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Annual; or its Motion round its own Centre, which might be improved as an Illuftration of Self-Love, to that which whirls it about the common Centre of the World, anfwering to univerfal Benevolence. Is the Force of Self-Love abated, or its Intereft prejudiced by Benevolence? So far from it, that Benevolence, though a diftinct Principle, is extremely ferviceable to Self-Love, and then doth moft Service when 'tis leaft defigned.

BUT to defcend from Reafon to Matter of Fact; the Pity which arifes on Sight of Perfons in Diftrefs, and the Satisfaction of Mind which is the Confequence of having removed them into a happier State, are inftead of a thousand Arguments to prove fuch a Thing as a difinterefted Benevolence. Did Pity proceed from a Reflection we make upon our Liablenefs to the fame ill Accidents we fee befal others, it were nothing to the prefent Purpose; but this is affigning an artificial Caufe of natural Passion, and can by no Means be admitted as a tolerable Account of it, because Children and Perfons most thoughtlefs about their own Condition, and incapable of entering into the Profpects of Futurity, feel the most violent Touches of Compaffion. And then as to that charming Delight which immediately follows the giving Joy to another, or relieving his Sorrow, and is, when the Objects are numerous, and the Kindness of Importance, really inexpreffible, what can this be owing to but a Confcioufnefs of a Man's having done fomething Praiseworthy, and expreffive of a great Soul? Whereas, if in all this he only facrificed to Vanity and Self-Love, as there would be nothing brave in Actions that make the moft fhining Appearance, fo Nature would not have rewarded them with this divine Pleafure; nor could the Commendations, which a Perfon receives for Benefits done upon felfifh Views, be at all more Satisfactory, than when he is applauded for what he doth without Defign; because in both Cafes the Ends of Self-Love are equally anfwered. The Confcience of approving one's felf a Benefactor to Mankind. is the nobleft Recompence for being fo; doubtlefs it is, and the most interested cannot propofe any Thing fo much to their own Advantage, notwithstanding which, the Inclination is ne vertheless

vertheless unfelfish. The Pleasure which attends the Gratification of our Hunger and Thirst, is not the Caufe of thefe Appetites; they are previous to any fuch Profpect; and fo likewife is the Defire of doing Good; with this Difference, that being feated in the intellectual Part, this laft, though Antecedent to Reafon, may yet be improved and regulated by it, and, I will add, is no otherwife a Virtue than as it is fo. Thus have I contended for the Dignity of that Nature I have the Honour to partake of; and after all the Evidence produced, think I have a Right to conclude, against the Motto of this Paper, that there is fuch a Thing as Generofity in the World. Though if I were under a Mistake in this, I fhould fay as Cicero in Relation to the Immortality of the Soul, I willingly err, and fhall believe it very much for the Intereft of Mankind to lye under the fame Delufion. For the contrary Notion naturally tends to dispirit the Mind, and finks it into a Meannefs fatal to the Godlike Zeal of doing good. As on the other Hand, it teaches People to be Ungrateful, by poffeffing them with a Perfwafion concerning their Benefactors, that they have no Regard to them in the Benefits they bestow. Now he that banishes Gratitude from among Men, by fo doing ftops up the Stream of Beneficence. For though in conferring Kindneffes, a truly generous Man doth not aim at a Return, yet he looks to the Qualities of the Perfon obliged, and as nothing renders a Perfon more unworthy of a Benefit, than his being without all Refentment of it, he will not be extremely forward to oblige fuch a Man.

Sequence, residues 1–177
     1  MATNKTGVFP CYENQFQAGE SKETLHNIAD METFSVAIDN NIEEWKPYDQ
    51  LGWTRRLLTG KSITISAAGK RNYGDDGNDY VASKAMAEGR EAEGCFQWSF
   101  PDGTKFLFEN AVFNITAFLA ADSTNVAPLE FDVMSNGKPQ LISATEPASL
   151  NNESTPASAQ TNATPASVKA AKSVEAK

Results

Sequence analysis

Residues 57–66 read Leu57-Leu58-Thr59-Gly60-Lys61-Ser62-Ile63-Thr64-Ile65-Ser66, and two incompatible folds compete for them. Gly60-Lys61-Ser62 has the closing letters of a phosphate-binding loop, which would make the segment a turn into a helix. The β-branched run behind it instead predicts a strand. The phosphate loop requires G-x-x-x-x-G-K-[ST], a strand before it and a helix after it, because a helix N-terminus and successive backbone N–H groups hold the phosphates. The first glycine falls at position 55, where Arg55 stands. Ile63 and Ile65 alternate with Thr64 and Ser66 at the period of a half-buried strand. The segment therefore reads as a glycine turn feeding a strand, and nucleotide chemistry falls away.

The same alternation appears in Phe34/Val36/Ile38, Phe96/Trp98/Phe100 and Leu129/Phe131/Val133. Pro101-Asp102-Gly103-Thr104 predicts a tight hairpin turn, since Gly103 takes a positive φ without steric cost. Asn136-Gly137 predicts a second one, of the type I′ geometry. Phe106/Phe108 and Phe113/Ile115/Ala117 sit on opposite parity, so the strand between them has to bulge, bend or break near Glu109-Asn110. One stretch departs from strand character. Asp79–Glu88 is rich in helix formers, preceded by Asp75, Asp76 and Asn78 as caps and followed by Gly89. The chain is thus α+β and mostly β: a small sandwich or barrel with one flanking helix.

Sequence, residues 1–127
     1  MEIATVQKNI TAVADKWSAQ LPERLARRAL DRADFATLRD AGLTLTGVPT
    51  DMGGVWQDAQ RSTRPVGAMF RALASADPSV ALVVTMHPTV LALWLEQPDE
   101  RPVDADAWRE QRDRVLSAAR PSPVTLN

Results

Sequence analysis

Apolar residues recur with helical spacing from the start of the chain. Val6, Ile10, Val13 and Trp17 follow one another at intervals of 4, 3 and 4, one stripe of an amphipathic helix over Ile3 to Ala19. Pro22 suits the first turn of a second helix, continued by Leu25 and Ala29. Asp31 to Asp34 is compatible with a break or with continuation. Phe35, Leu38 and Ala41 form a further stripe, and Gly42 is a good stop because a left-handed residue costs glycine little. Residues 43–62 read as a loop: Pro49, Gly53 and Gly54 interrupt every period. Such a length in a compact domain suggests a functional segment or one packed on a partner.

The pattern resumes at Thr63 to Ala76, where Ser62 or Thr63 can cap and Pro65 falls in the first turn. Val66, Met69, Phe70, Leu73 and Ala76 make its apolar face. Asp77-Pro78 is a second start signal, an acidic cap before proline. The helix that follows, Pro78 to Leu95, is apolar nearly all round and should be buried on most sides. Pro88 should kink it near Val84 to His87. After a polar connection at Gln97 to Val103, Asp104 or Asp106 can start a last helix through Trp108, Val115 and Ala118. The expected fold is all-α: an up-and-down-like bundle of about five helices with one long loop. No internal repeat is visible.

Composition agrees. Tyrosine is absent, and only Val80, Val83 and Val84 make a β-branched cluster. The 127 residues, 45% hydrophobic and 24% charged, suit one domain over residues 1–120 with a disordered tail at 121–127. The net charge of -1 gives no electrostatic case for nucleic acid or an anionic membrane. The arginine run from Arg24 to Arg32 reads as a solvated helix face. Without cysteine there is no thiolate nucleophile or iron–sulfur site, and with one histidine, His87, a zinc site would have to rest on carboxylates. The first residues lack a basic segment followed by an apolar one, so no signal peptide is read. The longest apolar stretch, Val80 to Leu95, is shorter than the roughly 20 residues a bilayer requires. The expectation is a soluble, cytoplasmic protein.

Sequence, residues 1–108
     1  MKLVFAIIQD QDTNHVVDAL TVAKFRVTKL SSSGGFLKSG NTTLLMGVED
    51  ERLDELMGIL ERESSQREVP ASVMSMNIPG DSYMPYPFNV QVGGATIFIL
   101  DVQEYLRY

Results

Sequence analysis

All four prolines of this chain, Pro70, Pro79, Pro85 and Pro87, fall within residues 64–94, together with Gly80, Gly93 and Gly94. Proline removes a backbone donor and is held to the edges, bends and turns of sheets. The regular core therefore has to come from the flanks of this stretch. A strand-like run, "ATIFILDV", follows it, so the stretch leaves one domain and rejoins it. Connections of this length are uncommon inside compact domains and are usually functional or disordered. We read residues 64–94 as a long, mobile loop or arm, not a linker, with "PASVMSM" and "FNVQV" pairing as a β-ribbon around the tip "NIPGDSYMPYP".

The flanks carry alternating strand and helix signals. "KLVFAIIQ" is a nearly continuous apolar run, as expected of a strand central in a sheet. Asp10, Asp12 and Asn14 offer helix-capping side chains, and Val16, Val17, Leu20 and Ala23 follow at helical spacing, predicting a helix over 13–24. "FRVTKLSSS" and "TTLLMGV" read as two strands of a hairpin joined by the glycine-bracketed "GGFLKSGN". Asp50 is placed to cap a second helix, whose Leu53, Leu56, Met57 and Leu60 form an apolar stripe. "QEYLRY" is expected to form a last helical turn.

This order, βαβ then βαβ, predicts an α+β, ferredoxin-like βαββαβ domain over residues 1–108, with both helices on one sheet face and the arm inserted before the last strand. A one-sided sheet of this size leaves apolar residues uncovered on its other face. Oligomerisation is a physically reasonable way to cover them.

GP

Friday

No. 589:

Friday, September 3.

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Perfequitur fcelus ille fuum: labefactaque tandem
Ictibus innumeris adductaque funibus arbor

Corruit

SIR,

I

Ovid.

Am fo great an Admirer of Trees, that the Spot of Ground I have chofen to build a fmall Seat upon, in the Country, is almoft in the inidft of a large • Wood. I was obliged, much against my Will, to cut ⚫ down feveral Trees, that I might have any fuch Thing as a Walk in my Gardens ; but then I have taken Care to leave the Space, between every Walk, as much a • Wood as I found it. The Moment you turn either to the Right or Left, you are in a Foreft, where Nature prefents you with a much more beautiful Scene than could have been raised by Art.

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INSTEAD of Tulips or Carnations, I can fhew Oaks in my Gardens of four hundred Years ftanding, and a Knot of Elms that might shelter a Troop of Horfe from the Rain.